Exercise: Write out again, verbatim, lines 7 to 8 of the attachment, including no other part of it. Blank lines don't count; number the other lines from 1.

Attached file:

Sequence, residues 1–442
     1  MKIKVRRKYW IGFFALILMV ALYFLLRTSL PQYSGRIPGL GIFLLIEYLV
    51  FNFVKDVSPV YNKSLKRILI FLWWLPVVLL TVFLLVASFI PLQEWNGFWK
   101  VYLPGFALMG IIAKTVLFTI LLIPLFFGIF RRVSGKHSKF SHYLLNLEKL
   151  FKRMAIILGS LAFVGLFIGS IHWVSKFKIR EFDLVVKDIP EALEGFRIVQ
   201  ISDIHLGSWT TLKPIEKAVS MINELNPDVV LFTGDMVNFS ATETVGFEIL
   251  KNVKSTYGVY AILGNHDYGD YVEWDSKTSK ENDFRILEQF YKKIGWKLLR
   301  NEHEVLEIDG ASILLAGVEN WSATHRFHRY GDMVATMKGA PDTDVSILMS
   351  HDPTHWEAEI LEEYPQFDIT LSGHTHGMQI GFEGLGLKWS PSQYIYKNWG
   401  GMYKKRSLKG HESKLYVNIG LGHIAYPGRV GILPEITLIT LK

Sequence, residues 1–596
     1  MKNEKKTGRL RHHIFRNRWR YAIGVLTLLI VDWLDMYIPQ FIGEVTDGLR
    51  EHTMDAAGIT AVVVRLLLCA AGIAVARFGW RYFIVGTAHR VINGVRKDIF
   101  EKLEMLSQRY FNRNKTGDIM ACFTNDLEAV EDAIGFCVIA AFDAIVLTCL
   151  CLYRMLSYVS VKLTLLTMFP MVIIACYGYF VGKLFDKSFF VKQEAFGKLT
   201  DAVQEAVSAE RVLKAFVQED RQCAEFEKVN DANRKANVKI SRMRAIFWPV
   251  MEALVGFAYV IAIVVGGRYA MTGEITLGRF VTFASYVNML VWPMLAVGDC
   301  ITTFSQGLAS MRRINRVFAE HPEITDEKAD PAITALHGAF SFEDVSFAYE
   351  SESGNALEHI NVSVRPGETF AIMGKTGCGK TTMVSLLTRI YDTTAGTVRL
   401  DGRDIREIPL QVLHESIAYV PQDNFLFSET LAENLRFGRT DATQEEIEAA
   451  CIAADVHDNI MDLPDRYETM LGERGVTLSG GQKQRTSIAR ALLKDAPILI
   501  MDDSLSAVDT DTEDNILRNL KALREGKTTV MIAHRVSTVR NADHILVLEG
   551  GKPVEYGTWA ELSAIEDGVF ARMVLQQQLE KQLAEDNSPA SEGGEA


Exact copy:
   251  KNVKSTYGVY AILGNHDYGD YVEWDSKTSK ENDFRILEQF YKKIGWKLLR
   301  NEHEVLEIDG ASILLAGVEN WSATHRFHRY GDMVATMKGA PDTDVSILMS